Which is more important: protecting women from shame or men from lust? Is it better for a woman to be plagued by anxiety and guilt for her dress, or for a man to be plagued by anxiety and guilt for his thoughts?

I’ll take “smells like a false dichotomy” for $200, please, Alex.

Edit: that was unnecessarily snarky. So let me add on. As a servant leader shouldn’t my intent be first to help serve others before myself?

Which is more important: protecting women from shame or men from lust? Is it better for a woman to be plagued by anxiety and guilt for her dress, or for a man to be plagued by anxiety and guilt for his thoughts?

I’m not trying to be confusing…

I’ll fully admit that I’m still a bit reactionary about things like dress / modesty codes given my fundie upbringing.

That’s what you said. I literally have about zero clue what that means. Especially since you’re a straight guy and you have daughters.

What I mean is that, having seen a teaching abused or pushed to a point of absurdity, my first reaction when the topic comes up is in the opposite direction of the abuse. When I catch a whiff of something that even smells like hyper-literalist Bible interpretation, my first reaction is to oppose it. Same sort of thing for topics like consumption of alcohol and modesty/dress codes.

I think that a lot of the current trendy evangelical progressives are pushing back so hard against their fundie upbringings that they haven’t figured out when they’re unwisely pushing back way too far. And I recognize that tendency in myself at times, so I’m trying to own it and not let it run away with me. That’s all I’m trying to say.

If we accept the testimony of many of our sisters that they have been saddled with guilt and shame about their bodies because of the dress/modesty codes that the church has endorsed

I’m not sure I accept that. And more importantly, you’re going to have to explain me what that even means.

In that case we’re clearly not reading the same things. I don’t have time to go dig up links this morning, but there have been a number of Christian women who have been sharing their stories about growing up feeling an intense sense of shame about how their bodies were shaped thanks in large part to the fact that the church’s teaching focus was mostly on how women should cover up so that men aren’t tempted. I’ve heard similar from personal friends, so it isn’t just (at least in my world) random blog crazies telling these stories.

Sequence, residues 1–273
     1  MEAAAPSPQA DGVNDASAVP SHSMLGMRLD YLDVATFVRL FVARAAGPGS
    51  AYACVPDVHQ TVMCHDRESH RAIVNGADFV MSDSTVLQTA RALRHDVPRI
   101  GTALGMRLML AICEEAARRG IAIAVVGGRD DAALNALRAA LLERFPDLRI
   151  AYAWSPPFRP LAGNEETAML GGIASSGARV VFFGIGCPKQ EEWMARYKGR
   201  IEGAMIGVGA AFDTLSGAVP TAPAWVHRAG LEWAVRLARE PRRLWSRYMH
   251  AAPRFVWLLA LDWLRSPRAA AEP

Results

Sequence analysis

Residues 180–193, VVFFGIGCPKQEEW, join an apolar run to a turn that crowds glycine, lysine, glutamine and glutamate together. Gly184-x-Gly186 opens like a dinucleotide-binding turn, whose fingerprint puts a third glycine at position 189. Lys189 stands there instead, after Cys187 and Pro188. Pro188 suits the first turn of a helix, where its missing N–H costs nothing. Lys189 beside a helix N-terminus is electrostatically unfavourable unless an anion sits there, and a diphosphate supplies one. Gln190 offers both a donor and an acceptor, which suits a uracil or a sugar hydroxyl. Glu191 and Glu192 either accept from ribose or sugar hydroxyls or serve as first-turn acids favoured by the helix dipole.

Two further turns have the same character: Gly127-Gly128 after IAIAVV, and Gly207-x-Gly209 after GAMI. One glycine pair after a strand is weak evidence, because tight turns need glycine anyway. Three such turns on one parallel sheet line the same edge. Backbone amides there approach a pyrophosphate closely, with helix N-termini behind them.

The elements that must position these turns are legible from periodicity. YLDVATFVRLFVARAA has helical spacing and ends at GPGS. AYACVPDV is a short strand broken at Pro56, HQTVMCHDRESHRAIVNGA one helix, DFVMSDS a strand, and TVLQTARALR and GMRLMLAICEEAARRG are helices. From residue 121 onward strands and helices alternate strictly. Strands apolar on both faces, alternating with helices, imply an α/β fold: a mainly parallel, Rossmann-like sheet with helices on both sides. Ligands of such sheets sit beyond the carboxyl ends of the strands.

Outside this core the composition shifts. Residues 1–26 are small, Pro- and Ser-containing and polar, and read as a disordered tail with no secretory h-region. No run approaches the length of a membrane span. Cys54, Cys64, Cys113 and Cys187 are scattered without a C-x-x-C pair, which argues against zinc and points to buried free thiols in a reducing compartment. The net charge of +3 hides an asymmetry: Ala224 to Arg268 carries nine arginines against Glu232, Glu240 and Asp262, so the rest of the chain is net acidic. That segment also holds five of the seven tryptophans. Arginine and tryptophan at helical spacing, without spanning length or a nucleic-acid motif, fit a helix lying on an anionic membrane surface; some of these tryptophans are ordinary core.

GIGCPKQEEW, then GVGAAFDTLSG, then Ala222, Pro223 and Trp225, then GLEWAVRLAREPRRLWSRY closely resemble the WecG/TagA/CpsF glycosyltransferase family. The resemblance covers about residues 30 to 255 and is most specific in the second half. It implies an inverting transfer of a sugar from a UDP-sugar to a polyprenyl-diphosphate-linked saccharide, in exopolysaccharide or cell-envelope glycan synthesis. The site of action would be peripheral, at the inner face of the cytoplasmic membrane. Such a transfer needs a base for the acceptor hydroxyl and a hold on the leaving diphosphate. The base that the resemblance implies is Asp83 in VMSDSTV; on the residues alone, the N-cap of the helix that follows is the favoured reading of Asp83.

still confused

I’ll fully admit that I’m still a bit reactionary about things like dress / modesty codes given my fundie upbringing.

That’s what you said. I literally have about zero clue what that means. Especially since you’re a straight guy and you have daughters.

If we accept the testimony of many of our sisters that they have been saddled with guilt and shame about their bodies because of the dress/modesty codes that the church has endorsed

I’m not sure I accept that. And more importantly, you’re going to have to explain me what that even means.

This conversation reminds of a very bizarre interaction a friend of mine had (many years ago) with his new bride. His wife got the Victoria Secret catalog in the mail. And she kept them. Not just the latest issue, but multiple copies neatly stacked with the other magazines. After a while, my friend got tired of the temptation and threw away all but the latest issue. When his wife discovered the missing catalogs and queried as to their location, he explained. She responded with tears and was very upset that this was any way a problem. And thus the education of a naive woman learning about the nature of male sexuality began…